By Brad Thomason, CPA
Clearly, it was one of the better ideas that any one had ever had. Twas the week before Christmas and I was zipping through the local Walmart to get a few ingredients for dinner, and check something in the sporting goods section for a last minute gift. For reasons I can’t really explain, I veered down one of the toy aisles, and saw a box containing five jigsaw puzzles. Each was a movie poster-style picture, depicting one of the Pixar movies. Though an infrequent impulse buyer, I scooped it up and took it home, nonetheless.
Then I opened all five puzzles at the same time…and dumped all the pieces into a single container. All 2,350 of them. Well, 2,349 of them, as we would later learn. But you get the point.
This action drew various responses from members of my family, which ran the range from, “Oh my gosh, Dad,” to “What have you done?!”
However, for the next two-and-a-half days this stroke of unappreciated genius lead to the proverbial “hours of family fun.” The kids (who aren’t really kids anymore…) and I sat at the dining room table for hours, listening to music, singing at varying degrees of volume and quality, talking smack to each other, and grinding through the substantial task of divide-and-conquer that I had manufactured. Some of us stayed up late; others of us fussed at the first group the following morning for all the noise. It really was a lot of fun. And in the end, we did in fact sort the mess and solve all five puzzles. Ten minutes before dinner on Christmas Eve. So we took a quick pic, destroyed the evidence, and returned the room to its intended use, as if the whole puzzle-gate business had never occurred. All-in-all, a pretty cool holiday memory.
Spending all of that time working those puzzles really drew my attention to one of the basic truths of the universe, not exactly news but one that’s still worth mentioning on an endless loop. Sometimes it takes a while to really see what’s right there in front of your face.
If you think about it, what better example of this principle could there be than a jigsaw puzzle? Once you flip the pieces right-side up, you are literally looking at everything you need to know to put the puzzle together, in a single view. Yet it takes hours of going back over the same terrain to actually see what you need to see to do it. I couldn’t tell you the number of times one of us announced that it was a certainty that a particular piece was simply not there, only to find it some minutes/hours/days later. As I mentioned above, there was only one piece actually missing by the end. But there were many more assumed-to-be missing pieces throughout the course of the project. “Hidden in plain sight” was much more than a turn of phrase for all of us by the time things wrapped up.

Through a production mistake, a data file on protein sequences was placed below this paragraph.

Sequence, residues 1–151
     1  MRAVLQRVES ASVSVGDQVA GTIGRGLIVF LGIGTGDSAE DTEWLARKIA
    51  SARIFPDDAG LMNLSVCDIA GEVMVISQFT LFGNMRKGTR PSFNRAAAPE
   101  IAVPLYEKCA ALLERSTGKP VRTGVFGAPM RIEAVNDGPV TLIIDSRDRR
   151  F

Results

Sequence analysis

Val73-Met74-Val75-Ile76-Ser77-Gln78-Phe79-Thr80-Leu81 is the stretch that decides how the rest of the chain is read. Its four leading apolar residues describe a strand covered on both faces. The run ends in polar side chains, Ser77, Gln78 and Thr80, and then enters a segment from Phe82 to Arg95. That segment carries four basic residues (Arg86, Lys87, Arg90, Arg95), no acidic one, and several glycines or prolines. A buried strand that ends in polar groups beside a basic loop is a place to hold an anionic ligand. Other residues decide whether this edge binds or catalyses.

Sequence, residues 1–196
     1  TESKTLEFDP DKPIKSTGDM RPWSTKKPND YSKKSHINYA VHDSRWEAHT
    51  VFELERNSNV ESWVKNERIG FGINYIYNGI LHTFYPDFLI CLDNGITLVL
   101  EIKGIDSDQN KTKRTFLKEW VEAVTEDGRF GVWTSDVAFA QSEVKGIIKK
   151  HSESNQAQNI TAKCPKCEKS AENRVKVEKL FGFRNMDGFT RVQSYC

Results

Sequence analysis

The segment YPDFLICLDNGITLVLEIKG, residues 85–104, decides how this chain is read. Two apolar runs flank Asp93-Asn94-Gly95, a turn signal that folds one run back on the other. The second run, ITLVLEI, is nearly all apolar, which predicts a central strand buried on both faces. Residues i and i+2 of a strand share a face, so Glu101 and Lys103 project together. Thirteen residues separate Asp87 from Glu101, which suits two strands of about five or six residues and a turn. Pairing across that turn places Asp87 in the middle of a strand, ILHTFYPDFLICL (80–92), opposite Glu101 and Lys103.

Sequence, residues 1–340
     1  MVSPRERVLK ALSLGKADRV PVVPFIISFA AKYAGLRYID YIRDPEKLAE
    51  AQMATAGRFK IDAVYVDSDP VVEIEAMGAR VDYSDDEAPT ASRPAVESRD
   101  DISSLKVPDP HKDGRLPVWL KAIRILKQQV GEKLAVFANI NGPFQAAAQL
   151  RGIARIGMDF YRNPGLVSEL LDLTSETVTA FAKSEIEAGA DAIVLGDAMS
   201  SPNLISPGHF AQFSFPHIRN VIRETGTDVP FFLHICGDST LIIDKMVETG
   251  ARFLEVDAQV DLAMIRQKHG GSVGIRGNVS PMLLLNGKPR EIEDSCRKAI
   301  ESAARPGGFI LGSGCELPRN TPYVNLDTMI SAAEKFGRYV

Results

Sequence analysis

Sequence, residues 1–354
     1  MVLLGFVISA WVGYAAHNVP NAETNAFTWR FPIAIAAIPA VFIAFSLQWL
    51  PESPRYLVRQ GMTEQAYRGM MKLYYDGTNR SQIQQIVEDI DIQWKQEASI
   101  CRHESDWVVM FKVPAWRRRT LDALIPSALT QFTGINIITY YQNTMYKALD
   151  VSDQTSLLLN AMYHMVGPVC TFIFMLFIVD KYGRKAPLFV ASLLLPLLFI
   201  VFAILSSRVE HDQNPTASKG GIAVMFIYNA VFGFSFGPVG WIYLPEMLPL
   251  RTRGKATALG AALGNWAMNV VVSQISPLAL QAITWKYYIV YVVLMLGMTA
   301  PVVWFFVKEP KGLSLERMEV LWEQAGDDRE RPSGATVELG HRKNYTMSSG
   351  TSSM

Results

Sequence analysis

To work a puzzle you have to stare. You have to look at the same thing more than once. You have to accept that there will be realizations which come later, and you have no earthly idea why they came that time and not before. To do so takes attention, focus, and above all, time. Like erosion, it’s a business model rooted in sustained pressure over long duration.
If you think about it, as you have gotten older, isn’t it the case that knowledge has become less about going wider, and more about going deeper? I’m not suggesting a person ever runs out of new things to learn, especially when it comes to hobbies, and travel and things like that. But the big stuff, the core matters that affect everyone moving through the adult world? You had all that pretty well in hand decades ago, didn’t you? Or, at least you had the basic version, the 75% to 80% you needed to know to not completely make a mess of your life.
Since that time though, for me anyway, the important growth in knowledge has come from going deeper into those things. From trudging on down the path, full in the grips of diminishing return, to try to go from 80% to 90% and then to 95%. From looking at what I’ve already looked at before, even thinking things I’ve already thought before, in the hopes that the continued engagement will spawn some new realization. Miraculously, such efforts almost always deliver the goods.
As complex topics go, retirement is one of the deeper wells that I have found. It is deceptively complex, likely because of the vast number of moving parts which may come into play. To really understand the major principles requires lots of time and contemplation. And to study every little fold and nuance? I don’t know, but I’ll tell you later if I ever get there.
Part of doing well at retirement, I think, is making sure that you have realistic expectations about how long it’s going to take just to understand what it is that you need to be doing. Then, allocate the time and put in the hours.
No one expects to solve a 1,000 piece jigsaw puzzle in half an hour. If retirement was an actual jigsaw puzzle I’m not sure how many pieces it would have. But a lot more than 1,000. Or even 10,000, I imagine. Strictly speaking I don’t really know because I’ve never tried to tackle one with that many pieces. If I did though, I wouldn’t expect it to go fast, and I would (hopefully) not let myself get discouraged that a big block of time would be required to achieve the goal.
Which, I think, is a big part of the prescription for how to approach comprehensive retirement planning. You just gotta take time to stare. Then, stare.
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